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Photo taken by contributor Craig A. Miller, a 37-year-old author, speaker, photographer, and suicide attempt survivor from Boston. For many years he struggled with OCD, extreme anxiety, depression, and suicidal thoughts. After a suicide attempt nearly ended his life at age 20, he became dedicated to understanding what led him to such a decision, and more importantly how he could gain control of himself and his life to ensure it would never happen again. He published a book in 2012 titled, This is How it Feels: a memoir of attempting suicide and finding life. He is a member of The Massachusetts Coalition for Suicide Prevention and regularly speaks everywhere from libraries to state conferences sharing his story and the steps he took to move forward.
About this photo: “A friend of mine once confessed to me that bullying was the motivation behind her suicide attempt. She said, ‘What hurt so badly was that everything they said was wrong with me was exactly the way I already felt about myself.’
Growing up as a victim of bullying as well, I deeply identify with her. It took me years to quiet the negative words that repeated in my mind every time I reflected on who I was. But today I have reached a place within me where I can say with confidence and conviction that I love who I am. I care about my own feelings just as I do for those I love. What I’ve learned in this process is that our voice is the only one that matters. There is nothing anyone can say to us that can hurt us as badly as we can hurt ourselves. We control how we feel, how we see, and how we allow our perception to be influenced.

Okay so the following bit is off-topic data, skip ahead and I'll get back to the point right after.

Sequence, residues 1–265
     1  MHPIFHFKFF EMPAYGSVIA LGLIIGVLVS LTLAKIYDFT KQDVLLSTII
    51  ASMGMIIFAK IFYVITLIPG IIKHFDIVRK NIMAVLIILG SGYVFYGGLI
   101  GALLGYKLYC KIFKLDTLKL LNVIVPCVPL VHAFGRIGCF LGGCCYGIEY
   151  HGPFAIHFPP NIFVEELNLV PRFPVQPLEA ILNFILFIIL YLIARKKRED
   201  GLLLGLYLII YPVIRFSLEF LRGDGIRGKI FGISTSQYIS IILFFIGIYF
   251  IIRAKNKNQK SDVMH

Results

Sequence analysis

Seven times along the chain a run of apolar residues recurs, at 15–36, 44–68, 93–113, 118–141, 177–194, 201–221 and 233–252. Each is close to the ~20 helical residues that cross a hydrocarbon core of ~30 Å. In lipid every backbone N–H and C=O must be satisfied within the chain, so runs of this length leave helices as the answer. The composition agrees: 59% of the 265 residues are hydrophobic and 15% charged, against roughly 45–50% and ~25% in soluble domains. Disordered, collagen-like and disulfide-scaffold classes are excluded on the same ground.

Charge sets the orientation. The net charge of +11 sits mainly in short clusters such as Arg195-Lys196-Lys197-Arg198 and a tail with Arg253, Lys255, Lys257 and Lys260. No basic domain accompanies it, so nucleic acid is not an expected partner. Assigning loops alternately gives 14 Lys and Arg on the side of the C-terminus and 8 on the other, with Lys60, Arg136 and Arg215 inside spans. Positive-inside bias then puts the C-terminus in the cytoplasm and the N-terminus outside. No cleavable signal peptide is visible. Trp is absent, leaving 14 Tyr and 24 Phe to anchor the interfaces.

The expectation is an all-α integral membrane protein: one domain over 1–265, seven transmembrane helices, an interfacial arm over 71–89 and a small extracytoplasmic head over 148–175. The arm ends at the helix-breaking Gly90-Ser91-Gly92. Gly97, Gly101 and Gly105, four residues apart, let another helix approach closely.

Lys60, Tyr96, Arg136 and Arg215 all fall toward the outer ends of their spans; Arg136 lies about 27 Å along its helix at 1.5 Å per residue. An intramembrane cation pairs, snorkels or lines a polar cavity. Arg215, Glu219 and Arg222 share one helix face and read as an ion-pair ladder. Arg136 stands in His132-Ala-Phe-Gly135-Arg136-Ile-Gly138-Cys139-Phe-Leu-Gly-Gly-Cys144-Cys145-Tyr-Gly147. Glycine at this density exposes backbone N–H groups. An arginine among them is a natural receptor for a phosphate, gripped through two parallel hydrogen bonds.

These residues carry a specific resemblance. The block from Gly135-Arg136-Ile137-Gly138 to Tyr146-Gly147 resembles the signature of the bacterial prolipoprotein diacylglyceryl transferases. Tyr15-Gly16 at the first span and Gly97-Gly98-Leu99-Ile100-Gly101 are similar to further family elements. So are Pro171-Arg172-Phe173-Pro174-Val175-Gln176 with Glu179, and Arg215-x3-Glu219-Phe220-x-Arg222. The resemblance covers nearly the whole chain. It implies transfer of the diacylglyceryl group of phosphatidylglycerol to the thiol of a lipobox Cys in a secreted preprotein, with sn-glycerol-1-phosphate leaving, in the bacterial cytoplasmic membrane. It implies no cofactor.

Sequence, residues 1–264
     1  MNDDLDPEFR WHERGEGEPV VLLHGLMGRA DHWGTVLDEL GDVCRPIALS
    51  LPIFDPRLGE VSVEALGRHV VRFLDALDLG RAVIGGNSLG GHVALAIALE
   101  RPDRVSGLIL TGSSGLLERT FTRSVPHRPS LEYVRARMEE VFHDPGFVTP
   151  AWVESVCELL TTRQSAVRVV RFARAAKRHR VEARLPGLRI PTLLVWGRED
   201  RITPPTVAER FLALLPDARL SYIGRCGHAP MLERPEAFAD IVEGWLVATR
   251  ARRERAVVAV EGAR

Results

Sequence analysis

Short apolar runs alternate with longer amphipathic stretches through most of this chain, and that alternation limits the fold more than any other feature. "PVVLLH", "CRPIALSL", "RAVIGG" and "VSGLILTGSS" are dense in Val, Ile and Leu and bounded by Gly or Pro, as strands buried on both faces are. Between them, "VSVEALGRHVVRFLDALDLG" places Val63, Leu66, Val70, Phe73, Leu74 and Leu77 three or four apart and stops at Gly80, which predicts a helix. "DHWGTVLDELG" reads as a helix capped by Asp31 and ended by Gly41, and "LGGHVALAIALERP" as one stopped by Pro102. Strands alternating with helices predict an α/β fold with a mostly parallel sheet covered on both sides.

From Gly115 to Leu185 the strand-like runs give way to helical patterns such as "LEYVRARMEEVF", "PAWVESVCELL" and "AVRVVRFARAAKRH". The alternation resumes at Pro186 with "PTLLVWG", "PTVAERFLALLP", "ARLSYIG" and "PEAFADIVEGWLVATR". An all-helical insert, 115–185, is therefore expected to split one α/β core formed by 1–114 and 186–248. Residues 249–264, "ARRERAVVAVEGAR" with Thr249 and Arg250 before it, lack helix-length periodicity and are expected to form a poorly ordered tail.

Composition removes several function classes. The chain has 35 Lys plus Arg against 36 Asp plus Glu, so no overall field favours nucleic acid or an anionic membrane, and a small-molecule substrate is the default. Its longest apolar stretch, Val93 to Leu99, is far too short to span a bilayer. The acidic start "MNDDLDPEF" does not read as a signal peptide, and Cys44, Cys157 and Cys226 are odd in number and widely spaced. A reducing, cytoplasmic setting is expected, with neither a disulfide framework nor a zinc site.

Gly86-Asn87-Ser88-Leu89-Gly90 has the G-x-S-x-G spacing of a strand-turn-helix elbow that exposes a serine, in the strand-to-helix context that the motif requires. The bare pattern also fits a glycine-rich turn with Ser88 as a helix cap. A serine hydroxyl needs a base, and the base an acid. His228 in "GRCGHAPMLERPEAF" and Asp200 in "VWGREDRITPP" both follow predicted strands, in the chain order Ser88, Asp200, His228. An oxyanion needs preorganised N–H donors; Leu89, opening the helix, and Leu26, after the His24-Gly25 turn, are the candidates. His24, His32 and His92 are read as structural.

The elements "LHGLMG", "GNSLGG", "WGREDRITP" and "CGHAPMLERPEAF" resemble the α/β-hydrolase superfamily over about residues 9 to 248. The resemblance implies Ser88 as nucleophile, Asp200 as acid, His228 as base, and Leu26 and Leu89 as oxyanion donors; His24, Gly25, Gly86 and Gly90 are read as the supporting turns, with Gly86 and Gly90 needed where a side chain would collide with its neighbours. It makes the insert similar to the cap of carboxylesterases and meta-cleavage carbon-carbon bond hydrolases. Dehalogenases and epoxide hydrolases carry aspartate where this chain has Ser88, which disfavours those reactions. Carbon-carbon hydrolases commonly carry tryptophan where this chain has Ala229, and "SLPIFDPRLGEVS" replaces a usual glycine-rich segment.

This photo is of a pure, white mask reflecting in water. The mask stood steady in a shining, bright light while droplets of water splashed into the reflection below. I watched almost meditatively as the droplets controlled the image in the reflection. They warped it. They distorted it. And, in some cases, they made it completely unrecognizable. But no matter how many times I let the drops fall and no matter how distorted the reflection became, the mask itself remained unchanged- still beautiful and steady in its shining, bright light.
The water may fall. The reflection may become distorted at times. And the image we see may appear as though it is broken. But the truth is our image can only truly be affected from the inside. There is nothing more powerful and more influential than our own voice and our own perception. Love who you are. Always.“